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  • Writer's pictureVenus Kennedy, LCMHCS

Will I get Postpartum Depression or Postpartum Anxiety?

Updated: Jul 28, 2020

1 in 7 women experience serious depression and/or anxiety during pregnancy or postpartum. The year before and after having a baby can be full of joy and it can also be stressful, overwhelming and emotional. In addition, women’s bodies are going through tremendous changes which affect everything from our hormones to our sleep. On top of that, your whole life is changing. The good news is that all of these symptoms are temporary and treatable.

Pregnancy woman in bed
Will I get Postpartum Depression or Postpartum Anxiety? Charlotte Women's Counseling can help!

with Charlotte Women's Counseling, we are here to help! Let’s start by talking about some factors that may increase your risk for prenatal or postnatal depression or anxiety, and then talk about steps you can take to reduce your risk, improve your mood and eliminate your worry and anxiety.

AM I AT RISK? Check the statements that are true for you: 

  • It’s hard for me to ask for help. I usually take care of myself. 

  • Before my periods, I usually get sad, angry, or very cranky. 

  • I’ve been depressed or anxious in the past. 

  • I have been depressed or anxious when I’m pregnant. 

  • My mother, sister, or aunt was depressed or very nervous after her baby was born.

  • Sometimes I don’t need sleep, have lots of ideas, and it’s hard to slow down. 

  • My family is far away and I feel lonely. 

  • I don’t have many friends nearby that I can rely on. 

  • I am pregnant right now and I don’t feel happy about it. 

  • I don’t have the money, food, or housing that I need. 

Checking more than two items in the above list suggests that you have risk factors for depression or anxiety during pregnancy or postpartum. With help, all of these symptoms are temporary and treatable.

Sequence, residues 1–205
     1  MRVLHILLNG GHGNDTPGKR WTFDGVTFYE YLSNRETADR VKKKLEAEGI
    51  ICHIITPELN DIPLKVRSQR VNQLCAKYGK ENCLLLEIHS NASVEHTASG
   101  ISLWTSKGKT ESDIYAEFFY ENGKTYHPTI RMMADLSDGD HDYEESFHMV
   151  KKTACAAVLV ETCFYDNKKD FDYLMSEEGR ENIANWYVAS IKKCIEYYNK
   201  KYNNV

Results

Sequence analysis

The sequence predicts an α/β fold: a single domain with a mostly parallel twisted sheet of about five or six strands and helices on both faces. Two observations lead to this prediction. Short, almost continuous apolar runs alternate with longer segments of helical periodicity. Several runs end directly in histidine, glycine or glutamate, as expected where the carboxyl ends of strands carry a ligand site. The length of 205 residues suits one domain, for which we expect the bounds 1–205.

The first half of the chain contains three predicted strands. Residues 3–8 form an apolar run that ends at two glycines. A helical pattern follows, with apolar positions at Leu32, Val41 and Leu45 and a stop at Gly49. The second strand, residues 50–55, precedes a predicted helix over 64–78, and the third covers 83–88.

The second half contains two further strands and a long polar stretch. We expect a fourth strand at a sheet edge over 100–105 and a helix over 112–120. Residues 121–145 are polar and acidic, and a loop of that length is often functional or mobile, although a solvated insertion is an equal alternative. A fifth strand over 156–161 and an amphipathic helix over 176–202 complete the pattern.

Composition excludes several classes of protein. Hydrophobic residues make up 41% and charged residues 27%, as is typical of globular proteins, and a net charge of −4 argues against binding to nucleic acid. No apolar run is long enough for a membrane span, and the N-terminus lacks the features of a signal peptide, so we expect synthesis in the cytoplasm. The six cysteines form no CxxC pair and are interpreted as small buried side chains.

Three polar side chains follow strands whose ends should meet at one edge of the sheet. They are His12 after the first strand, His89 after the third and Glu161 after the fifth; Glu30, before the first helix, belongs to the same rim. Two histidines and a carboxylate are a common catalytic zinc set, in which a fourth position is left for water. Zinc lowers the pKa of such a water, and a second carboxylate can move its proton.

Many women feel like they can’t talk about the symptoms and feelings they’re experiencing. Women may feel alone and afraid that that they’re a “bad mom.” But, there is no shame in asking for help. As the old adage says “it takes a village to raise a child” and this should apply to us as women as well. You don’t have to do this alone. Here’s a few tips to help you start to feel better. 

  • Get more quality sleep

  • Exercise regularly

  • Get out and do the things that bring you joy – even if you don’t feel joyful

  • Spend time with friends and family

  • Mindfulness & meditation

  • Eat healthy foods 

  • Seek counseling. Individual therapy can help alleviate symptoms and get you back to feeling like yourself again.

When you’re feeling depressed and anxious it can be really hard to do the things listed above. It can be a struggle to take the steps you know will help you to feel better. If you’re unsure how serious your symptoms are and/or you think therapy would be helpful for you, contact us today, we’d be happy to talk you through this.

Here are some additional online resources from Postpartum Support International:

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